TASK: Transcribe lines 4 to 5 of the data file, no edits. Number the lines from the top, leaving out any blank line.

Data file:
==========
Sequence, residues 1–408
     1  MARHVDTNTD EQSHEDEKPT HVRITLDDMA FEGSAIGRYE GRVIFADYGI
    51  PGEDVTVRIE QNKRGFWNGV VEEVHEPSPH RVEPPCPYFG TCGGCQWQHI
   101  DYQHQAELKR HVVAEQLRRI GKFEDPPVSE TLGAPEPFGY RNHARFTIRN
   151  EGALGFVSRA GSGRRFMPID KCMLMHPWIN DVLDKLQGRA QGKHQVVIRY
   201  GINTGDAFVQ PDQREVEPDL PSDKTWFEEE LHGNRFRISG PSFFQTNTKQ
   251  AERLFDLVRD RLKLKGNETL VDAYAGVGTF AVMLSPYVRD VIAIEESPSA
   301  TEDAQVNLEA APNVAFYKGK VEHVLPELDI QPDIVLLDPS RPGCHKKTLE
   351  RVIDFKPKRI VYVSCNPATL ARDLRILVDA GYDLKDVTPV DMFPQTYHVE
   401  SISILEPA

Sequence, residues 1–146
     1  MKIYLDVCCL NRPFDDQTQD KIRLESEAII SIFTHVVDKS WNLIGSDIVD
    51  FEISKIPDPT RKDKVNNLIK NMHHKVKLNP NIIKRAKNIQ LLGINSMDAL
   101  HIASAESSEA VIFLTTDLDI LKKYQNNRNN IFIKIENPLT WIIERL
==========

   101  DYQHQAELKR HVVAEQLRRI GKFEDPPVSE TLGAPEPFGY RNHARFTIRN
   151  EGALGFVSRA GSGRRFMPID KCMLMHPWIN DVLDKLQGRA QGKHQVVIRY